China's leftists dig in for fight over Bo Xilai
By Chris Buckley
BEIJING (Reuters) - Leftist supporters of China's toppled politician Bo Xilai are digging in for an unusually defiant defense of their hero, arguing that he and his wife are victims of a plot that has opened a dangerous schism between them and the Communist Party.
A Chinese court handed Bo's wife, Gu Kailai, a suspended death sentence on Monday after finding her guilty of murdering a British businessman, Neil Heywood.
But no amount of propaganda about Gu's misdeeds appears likely to persuade Bo's supporters that the case was anything but a conspiracy to derail him and discredit his mix of populist economic pledges and Mao Zedong-inspired socialist revivalism.
The party's far-leftists have openly accused top leaders of plotting to oust Bo, and even circulated by email and online an extraordinary petition calling for the impeachment of Premier Wen Jiabao. Its reported signatories included two retired senior officials, although this could not be independently confirmed.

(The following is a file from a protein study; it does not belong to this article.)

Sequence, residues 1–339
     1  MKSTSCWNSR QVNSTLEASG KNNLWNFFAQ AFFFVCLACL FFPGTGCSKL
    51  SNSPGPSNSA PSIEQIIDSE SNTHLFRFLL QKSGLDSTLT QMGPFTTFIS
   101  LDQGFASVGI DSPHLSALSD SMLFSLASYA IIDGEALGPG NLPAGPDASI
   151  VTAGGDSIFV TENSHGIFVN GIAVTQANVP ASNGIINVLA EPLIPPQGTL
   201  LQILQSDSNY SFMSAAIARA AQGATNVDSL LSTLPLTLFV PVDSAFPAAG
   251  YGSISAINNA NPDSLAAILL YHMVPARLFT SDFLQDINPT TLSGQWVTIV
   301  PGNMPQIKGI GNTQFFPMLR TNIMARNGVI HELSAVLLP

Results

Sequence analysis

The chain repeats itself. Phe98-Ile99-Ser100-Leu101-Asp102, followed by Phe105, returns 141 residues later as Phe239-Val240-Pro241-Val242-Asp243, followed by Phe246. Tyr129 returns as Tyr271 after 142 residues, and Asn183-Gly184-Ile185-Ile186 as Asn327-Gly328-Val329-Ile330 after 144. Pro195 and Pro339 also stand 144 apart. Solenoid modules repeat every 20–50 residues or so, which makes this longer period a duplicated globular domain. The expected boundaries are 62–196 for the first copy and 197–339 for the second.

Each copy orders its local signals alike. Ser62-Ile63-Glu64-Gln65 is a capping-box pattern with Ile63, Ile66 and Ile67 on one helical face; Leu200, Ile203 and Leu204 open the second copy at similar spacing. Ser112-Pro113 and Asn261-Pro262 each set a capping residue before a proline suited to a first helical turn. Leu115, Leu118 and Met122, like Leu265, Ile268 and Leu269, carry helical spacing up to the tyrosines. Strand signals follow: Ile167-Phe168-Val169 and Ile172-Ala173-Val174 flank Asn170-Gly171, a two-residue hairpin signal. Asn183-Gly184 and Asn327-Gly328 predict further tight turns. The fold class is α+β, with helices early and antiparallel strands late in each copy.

"At least for now, I believe there are too many doubtful points about the case," said Han Deqiang, an academic in Beijing, who has been one of ardent defenders of Bo's policies in Chongqing, the southwestern city that Bo made into a display case of populist policies and traditional socialist culture.
"I believe that this whole incident was intended to eradicate Bo Xilai's Chongqing model," said Han, who teaches at the Beihang University school of business management. "They have destroyed a ray of hope for the Chinese Communist Party."
Bo has been held at an unknown location away from the public since he was ousted in March, accused of unspecified violations of party discipline, possibly including corruption and abuse of power. There has been no official word on how the party leadership will handle those accusations and whether he will face trial. But Bo's political career, at least, seems over.
The uproar over Bo shows that, as the Communist Party weaves between market reforms and state controls, it faces dissent not only from liberals, but also from fervent leftists who see the party as enslaved by capitalist interests. Continued...